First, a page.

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The FBI is hoping to identify a victim in the infamous Gilgo Beach serial killings in Long Island, New York. Police in Mobile, Alabama posted to Facebook on Friday that they were searching for relatives and friends of a man who died in the 1960s in connection with one of the victims, known as ‘Peaches’.
Police believe 10 deaths are linked to the Gilgo Beach murders. The first discovery of human remains was made in 2010, while more bodies were found in 2011. The killings date back to 1996, police believe.
The human remains were found along Ocean Parkway on Gilgo Beach – most of them women. One man, or transgender woman, and one child were also discovered.
One of the unidentified victims – an African American woman – had been dubbed “Peaches” for the tattoo on her left breast.
Her partial remains were discovered Hempstead Lake State Park in 1997, however other skeletal remains belonging to the victim were found near Jones Beach State Park.
In 2011, police found the remains of the woman’s daughter, who was only around one to two years old. The two were wearing similar jewellery.
Police did not say what connection the long dead Alabama man might have with the Gilgo serial killer in New York.
In a Facebook post, Mobile Police Department said: “The FBI is seeking relatives and friends of Elijah “Lige” Howell/Howard [1927-1963]. Mr. Howard lived in Prichard, AL, with his wife Carrie and passed away in Mobile, AL, in 1963 with Ms. Lillie Mae Wiggins Packer.
“His relatives may be able to assist in the case of a woman and child found in another state.”
Accompanying the post was an image of the peaches tattoo from the Gilgo case. Mr Howard lived in Prichard, Alabama with his wife Carrie. He died well before the first of the Gilgo murders.
However, police may wish to speak to some of “Peaches” relatives to identify her. Investigators previously thought they had a lead when a tattoo artist in Connecticut claimed he had given “Peaches” the ink. However, he did not have her name on file.
At the start of 2022, Suffolk County Police Commissioner Rodney Harrison launched an interagency task force with the aim of solving the case, which involves at least 10 murders.
At least some of the victims were sex workers. The case started in 2010 when 23-year-old Shannan Gilbert called 911 and told an operator that someone was trying to kill her.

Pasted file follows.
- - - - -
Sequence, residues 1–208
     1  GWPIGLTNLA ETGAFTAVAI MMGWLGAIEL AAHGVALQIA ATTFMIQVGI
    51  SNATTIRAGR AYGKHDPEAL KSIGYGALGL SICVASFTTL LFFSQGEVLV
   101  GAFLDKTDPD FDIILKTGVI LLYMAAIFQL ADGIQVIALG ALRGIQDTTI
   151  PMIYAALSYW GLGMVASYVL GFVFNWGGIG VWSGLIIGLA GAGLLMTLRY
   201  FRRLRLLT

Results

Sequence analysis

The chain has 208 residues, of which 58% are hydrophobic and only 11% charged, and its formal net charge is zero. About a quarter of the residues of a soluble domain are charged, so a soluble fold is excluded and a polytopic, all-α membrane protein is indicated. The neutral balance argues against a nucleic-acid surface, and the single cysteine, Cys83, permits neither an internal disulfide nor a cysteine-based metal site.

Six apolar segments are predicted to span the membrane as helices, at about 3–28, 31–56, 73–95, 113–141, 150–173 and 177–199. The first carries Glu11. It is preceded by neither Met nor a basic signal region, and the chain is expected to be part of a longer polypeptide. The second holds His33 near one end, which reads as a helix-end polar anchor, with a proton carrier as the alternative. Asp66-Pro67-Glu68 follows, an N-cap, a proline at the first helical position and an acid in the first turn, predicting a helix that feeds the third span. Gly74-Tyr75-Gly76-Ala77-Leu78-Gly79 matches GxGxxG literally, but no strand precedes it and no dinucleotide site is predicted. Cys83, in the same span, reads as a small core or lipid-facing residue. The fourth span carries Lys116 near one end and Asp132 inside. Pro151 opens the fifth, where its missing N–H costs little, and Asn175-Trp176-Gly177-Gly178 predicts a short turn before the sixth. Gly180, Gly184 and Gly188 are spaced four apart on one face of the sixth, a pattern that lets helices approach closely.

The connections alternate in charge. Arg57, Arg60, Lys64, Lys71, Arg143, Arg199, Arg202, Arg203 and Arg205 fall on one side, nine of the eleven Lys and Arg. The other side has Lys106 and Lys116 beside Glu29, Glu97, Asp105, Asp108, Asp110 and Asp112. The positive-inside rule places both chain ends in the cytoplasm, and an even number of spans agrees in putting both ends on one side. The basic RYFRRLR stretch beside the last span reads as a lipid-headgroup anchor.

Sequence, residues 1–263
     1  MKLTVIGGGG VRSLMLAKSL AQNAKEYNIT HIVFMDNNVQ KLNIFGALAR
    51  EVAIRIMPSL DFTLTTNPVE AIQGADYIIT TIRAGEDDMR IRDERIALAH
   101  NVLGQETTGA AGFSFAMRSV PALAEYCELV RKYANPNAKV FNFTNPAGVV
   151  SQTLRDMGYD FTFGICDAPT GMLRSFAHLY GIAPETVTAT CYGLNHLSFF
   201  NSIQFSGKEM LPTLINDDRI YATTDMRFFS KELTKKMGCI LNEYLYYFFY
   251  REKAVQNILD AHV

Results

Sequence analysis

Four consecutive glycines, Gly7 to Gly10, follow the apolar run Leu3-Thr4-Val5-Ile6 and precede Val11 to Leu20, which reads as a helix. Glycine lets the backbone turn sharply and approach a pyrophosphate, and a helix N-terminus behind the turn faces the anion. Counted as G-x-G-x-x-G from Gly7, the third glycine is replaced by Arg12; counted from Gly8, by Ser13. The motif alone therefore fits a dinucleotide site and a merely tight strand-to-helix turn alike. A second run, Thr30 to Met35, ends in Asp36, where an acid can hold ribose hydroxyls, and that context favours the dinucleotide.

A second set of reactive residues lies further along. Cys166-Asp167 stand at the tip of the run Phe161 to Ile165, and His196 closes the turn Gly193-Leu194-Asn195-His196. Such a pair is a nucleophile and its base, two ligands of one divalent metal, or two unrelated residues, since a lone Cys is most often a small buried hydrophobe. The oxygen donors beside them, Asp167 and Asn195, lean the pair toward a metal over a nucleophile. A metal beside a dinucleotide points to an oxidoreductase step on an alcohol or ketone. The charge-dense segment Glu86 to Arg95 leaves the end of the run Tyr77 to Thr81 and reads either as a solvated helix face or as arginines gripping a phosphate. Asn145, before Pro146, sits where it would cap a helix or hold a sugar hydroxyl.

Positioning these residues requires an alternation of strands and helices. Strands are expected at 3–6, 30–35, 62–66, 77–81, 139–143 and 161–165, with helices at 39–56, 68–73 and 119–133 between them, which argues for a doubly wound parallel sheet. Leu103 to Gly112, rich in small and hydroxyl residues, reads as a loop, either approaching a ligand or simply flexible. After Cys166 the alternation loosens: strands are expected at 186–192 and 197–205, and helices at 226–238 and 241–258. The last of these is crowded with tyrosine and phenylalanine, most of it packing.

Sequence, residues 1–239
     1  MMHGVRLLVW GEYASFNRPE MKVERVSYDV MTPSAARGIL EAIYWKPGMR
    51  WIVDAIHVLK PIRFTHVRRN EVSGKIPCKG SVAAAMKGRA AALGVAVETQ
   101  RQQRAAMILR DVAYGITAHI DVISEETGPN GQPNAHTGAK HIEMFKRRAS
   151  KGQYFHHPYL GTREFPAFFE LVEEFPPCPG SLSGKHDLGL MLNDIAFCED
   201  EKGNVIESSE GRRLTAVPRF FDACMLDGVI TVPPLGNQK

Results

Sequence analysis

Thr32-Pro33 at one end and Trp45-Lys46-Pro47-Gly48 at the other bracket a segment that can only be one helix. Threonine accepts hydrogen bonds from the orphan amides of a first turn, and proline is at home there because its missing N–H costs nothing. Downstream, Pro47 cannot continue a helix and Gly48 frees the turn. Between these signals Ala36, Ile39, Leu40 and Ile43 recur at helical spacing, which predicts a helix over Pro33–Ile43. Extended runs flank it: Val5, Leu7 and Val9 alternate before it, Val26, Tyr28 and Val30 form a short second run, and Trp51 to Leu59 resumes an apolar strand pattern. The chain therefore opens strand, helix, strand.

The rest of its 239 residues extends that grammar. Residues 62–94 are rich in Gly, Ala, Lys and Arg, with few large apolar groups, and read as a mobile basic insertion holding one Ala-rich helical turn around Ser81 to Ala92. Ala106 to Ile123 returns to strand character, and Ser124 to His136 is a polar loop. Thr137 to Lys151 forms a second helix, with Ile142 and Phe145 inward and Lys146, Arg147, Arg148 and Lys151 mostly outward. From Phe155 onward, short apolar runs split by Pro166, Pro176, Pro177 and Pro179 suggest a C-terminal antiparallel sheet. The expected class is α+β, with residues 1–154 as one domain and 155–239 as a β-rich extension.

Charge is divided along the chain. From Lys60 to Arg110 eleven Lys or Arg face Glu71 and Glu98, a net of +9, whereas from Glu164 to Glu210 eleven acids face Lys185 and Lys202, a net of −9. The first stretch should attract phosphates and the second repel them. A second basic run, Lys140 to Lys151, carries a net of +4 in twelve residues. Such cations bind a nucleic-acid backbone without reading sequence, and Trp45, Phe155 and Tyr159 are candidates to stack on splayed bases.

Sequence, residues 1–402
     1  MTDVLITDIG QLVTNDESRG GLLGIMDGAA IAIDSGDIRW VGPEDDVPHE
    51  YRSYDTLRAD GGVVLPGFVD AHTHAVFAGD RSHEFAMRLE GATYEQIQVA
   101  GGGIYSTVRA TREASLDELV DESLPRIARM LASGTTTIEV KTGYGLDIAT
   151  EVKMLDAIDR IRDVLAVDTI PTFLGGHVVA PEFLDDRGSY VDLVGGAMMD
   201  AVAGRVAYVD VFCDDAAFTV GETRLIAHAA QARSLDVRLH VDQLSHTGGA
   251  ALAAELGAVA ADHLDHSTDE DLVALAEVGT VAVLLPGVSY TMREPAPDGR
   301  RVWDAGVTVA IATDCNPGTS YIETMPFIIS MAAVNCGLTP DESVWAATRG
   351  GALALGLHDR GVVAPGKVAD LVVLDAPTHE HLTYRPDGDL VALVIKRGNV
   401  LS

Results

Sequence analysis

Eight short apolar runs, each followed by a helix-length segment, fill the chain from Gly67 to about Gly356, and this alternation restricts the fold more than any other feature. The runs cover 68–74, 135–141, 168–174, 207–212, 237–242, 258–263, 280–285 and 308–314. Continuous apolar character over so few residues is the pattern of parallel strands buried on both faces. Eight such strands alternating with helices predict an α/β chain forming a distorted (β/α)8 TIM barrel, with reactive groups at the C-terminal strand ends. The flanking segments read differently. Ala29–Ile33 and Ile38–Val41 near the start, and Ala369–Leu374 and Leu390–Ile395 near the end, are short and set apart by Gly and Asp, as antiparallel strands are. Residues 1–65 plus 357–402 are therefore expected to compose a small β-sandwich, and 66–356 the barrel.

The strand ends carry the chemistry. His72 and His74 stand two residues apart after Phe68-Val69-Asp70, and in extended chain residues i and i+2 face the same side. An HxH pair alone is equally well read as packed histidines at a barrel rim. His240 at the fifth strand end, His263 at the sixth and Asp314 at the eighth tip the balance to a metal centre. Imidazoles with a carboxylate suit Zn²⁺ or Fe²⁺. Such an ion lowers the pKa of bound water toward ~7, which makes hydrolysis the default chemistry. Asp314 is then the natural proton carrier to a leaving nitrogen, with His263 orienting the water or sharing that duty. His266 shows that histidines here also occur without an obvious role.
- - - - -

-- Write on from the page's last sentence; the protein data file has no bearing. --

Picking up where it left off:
She then disappeared from a gated community on south shore of Long Island. Ms Gilbert advertised online as an escort.
During the search for Ms Gilbert, the first four victims – believed to have been killed by the Gilgo Beach killer – were found.
Police have said that although the search for Ms Gilbert led to the discovery of the first of the Gilgo Beach Killer’s victims, her disappearance is not thought to be related to the case.
They included 24-year-old Melissa Barthelemy, 27-year-old Amber Lynn Costello, 22-year-old Megan Waterman and 25-year-old Maureen Brainard-Barnes and the victims were nicknamed the “Gilgo Beach Four”.
In March 2011, more human remains found near Gilgo Beach were identified as 20-year-old Jessica Taylor. Police said that part of Ms Taylor’s body had been found eight years earlier around 40 miles away in Manorville, New York.
Just days later more sets of human remains were found near Ocean Parkway. The first belonged to 24-year-old Valerie Mack whose partial remains had also been found in Manorville years before.
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The remains of a toddler were found near Ms Mack, according to police. Just two miles from the site police found the remains of an Asian man or trans woman believed to be between 17 and 23 years old.
In April 2011, two more sets of remains were found including those belong to “Peaches” – part of her body had been discovered more than a decade earlier in Hempstead Lake State Park in 1997.
She is believed to be the mother of the toddler found around a week earlier. The woman and her child were found at opposite ends of the area where the bodies were dumped.
Found alongside “Peaches” was the skull of a woman who was linked to remains found on nearby Fire Island in 1996. The Gilgo case remains unsolved more than a decade after it began.
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